About eight years ago, I watched a video of new-atheist Sam Harris lecturing in a university. About half of his lecture was about Christianity, and about half of that half was about Scripture. I watched him, it seemed, dismantle the Bible. He’s so smart, so articulate, so quick on his feet. Even the above-average Christian, I thought, couldn’t sit through this without their faith being practically destroyed.
His critique came across as devastating, but it also contained all kinds of distortions and inaccuracies. But they were points we simply don’t cover in church. I thought about our own student ministry, and knew that I wasn’t preparing our high school kids to sit through a lecture like that in college and walk out with their faith intact. I was convicted.
That was a defining moment. In response, I began to change my approach, stepping back from leveraging the authority of Scripture in favor of talking about the history and the people behind the story of Scripture, particularly the event of Christ’s resurrection. It’s not about abandoning Scripture, it’s laying a foundation that’s defensible in our culture, where you may have only five minutes—at best—to defend what you believe.
That’s helpful. Unpack the deconversion process a bit more.
People don’t simply leave faith; they leave a version of faith. We all know that there are multiple versions of the Christian faith. When you hear a deconversion story—someone who went off to school, or met somebody, or read a book, or moved away, or whatever—they are nearly always walking away from a version of Christianity. Consequently, they have a skewed version or vision of God that they are leaving.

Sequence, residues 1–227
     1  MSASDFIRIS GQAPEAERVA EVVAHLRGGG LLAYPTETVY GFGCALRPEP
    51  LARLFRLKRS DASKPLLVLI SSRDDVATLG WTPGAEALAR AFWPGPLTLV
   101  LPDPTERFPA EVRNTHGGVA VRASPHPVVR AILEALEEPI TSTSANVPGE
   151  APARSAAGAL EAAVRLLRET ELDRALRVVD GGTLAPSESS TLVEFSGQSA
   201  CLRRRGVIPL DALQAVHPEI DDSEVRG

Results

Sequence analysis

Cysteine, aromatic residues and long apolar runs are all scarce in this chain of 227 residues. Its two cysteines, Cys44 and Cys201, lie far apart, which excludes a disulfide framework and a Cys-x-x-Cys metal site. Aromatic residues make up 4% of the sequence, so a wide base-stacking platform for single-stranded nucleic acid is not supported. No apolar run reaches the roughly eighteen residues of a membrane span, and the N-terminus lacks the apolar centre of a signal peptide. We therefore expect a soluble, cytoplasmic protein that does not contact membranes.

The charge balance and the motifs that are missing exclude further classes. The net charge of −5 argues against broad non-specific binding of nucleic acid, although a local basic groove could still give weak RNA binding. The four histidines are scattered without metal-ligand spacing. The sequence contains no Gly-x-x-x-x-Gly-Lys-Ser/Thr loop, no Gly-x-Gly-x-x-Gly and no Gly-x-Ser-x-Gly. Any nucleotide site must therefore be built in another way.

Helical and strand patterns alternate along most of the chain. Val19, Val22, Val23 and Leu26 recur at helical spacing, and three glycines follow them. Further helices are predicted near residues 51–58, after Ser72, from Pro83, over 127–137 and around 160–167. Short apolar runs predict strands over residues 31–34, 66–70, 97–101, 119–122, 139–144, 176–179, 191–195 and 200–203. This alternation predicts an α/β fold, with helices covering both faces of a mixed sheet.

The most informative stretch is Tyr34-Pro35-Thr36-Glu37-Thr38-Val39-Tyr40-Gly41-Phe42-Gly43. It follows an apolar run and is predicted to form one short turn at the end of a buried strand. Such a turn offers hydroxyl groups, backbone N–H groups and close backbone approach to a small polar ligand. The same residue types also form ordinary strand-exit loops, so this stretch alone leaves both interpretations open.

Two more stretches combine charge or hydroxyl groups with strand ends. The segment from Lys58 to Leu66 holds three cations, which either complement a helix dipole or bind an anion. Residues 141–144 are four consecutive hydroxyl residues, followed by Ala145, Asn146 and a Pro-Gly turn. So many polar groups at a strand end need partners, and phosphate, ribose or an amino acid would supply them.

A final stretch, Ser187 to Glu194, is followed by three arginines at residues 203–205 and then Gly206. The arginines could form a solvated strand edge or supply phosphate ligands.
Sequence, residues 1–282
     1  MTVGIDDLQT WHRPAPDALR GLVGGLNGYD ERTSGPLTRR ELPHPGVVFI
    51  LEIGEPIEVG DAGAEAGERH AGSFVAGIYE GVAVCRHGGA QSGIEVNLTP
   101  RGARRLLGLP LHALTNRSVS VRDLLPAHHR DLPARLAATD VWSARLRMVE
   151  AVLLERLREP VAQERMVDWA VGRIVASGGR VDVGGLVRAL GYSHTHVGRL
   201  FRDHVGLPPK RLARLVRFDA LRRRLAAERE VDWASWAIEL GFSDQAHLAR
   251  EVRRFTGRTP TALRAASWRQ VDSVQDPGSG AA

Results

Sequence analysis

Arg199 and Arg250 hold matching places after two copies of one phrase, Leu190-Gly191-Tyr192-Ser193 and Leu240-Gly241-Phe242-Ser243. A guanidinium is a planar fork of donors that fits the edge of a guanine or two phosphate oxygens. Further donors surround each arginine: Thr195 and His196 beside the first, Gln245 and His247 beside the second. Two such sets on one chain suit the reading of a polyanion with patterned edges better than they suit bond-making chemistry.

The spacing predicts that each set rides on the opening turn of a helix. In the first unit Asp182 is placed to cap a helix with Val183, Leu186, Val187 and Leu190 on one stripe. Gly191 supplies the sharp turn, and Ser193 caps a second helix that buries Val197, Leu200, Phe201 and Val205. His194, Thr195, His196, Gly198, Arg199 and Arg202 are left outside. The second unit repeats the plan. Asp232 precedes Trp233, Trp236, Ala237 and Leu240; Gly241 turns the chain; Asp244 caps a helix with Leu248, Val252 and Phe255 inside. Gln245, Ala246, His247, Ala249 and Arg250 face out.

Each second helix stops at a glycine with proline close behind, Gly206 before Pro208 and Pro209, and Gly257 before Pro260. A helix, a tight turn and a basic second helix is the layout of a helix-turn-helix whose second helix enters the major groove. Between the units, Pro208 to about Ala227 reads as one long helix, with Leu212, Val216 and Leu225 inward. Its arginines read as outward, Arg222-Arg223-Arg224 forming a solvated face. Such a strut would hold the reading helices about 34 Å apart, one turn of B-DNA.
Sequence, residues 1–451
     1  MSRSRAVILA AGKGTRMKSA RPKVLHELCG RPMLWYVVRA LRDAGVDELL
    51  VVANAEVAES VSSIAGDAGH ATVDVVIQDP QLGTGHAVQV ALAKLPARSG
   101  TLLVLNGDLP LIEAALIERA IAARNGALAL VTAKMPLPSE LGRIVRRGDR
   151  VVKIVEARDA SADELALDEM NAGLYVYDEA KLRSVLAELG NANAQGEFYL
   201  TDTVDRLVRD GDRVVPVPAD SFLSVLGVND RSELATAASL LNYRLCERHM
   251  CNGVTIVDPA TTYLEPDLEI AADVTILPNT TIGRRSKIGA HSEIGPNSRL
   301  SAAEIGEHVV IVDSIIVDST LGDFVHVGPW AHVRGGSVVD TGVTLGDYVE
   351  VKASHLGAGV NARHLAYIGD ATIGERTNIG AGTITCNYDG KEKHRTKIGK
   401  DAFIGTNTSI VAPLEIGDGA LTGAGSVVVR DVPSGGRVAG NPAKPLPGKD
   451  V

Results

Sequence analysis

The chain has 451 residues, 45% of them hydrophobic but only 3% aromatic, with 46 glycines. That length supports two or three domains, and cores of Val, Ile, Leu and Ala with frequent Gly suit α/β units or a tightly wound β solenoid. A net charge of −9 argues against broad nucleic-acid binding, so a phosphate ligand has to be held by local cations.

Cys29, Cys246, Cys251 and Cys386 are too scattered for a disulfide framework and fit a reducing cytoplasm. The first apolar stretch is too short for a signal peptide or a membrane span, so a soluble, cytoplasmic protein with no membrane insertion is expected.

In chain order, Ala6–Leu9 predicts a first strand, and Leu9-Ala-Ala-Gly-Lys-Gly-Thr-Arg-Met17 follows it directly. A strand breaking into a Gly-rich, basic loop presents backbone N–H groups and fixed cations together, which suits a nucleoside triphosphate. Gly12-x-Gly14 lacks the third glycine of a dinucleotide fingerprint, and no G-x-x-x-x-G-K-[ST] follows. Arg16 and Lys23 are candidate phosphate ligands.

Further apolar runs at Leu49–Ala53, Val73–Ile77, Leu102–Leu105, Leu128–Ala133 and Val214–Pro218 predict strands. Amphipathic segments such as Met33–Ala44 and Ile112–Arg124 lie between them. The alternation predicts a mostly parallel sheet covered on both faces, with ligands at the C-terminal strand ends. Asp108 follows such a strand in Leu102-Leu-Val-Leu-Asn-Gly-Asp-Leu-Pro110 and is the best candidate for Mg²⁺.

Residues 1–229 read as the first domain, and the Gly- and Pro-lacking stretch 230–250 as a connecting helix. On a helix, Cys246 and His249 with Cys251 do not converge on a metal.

I started listening to the Life After God podcast a while back, a show for atheists and agnostics, and have recently been texting back and forth with Ryan Bell. At the time this article goes live, I’ll have been a guest on the podcast. One section, called the “Ex-Files,” focuses on deconversion stories. As a pastor, it’s so clear listening to it that these stories of deconversion are people leaving versions of Christianity that most Christians would completely be against, as well. When I hear some of these stories, I think, Heck. I would have left that too!
We all think our version of Christianity is the right one. But we can’t all be correct. So to address people who have left the faith or are considering doing so, it’s important to understand what specifically about the faith they’re leaving. Who Needs God focuses on this. My big point at the front end of the series is to point out that it’s possible that a person has left faith for the wrong reason.
Often, I might say to a person that what they left needed to be left, because it wasn’t really Christianity to begin with. I want to help people differentiate between what is worth leaving the faith over, and what are not fundamentals or essentials of faith. When the nonessentials get equated with the essentials, we give people excuses to leave unnecessarily. I’d like to ferret out those distinctions up front.
Talk about balancing the needs of those seeking and those who believe in relation to apologetics.
Great question. That’s one of the reasons behind the title of my book Deep and Wide. We often assume that people either have a verse-by-verse “deep” church or a “wide” giant megachurch. But when we read the Gospels, we see that Jesus is both deep and wide in his ministry. Crowds were a constant feature of his ministry. So I don’t think of this in terms of a balance. We are out to create churches that unchurched people love to attend, but we’re not a church for unchurched people.
Paul, who planted so many churches, taught us that “one another” is at the center of church life. The activity of the church is centered on community—forgive, accept, care for, encourage, bear with, restore, carry one another’s burdens. Everybody I’ve ever met wants to be in that kind of community.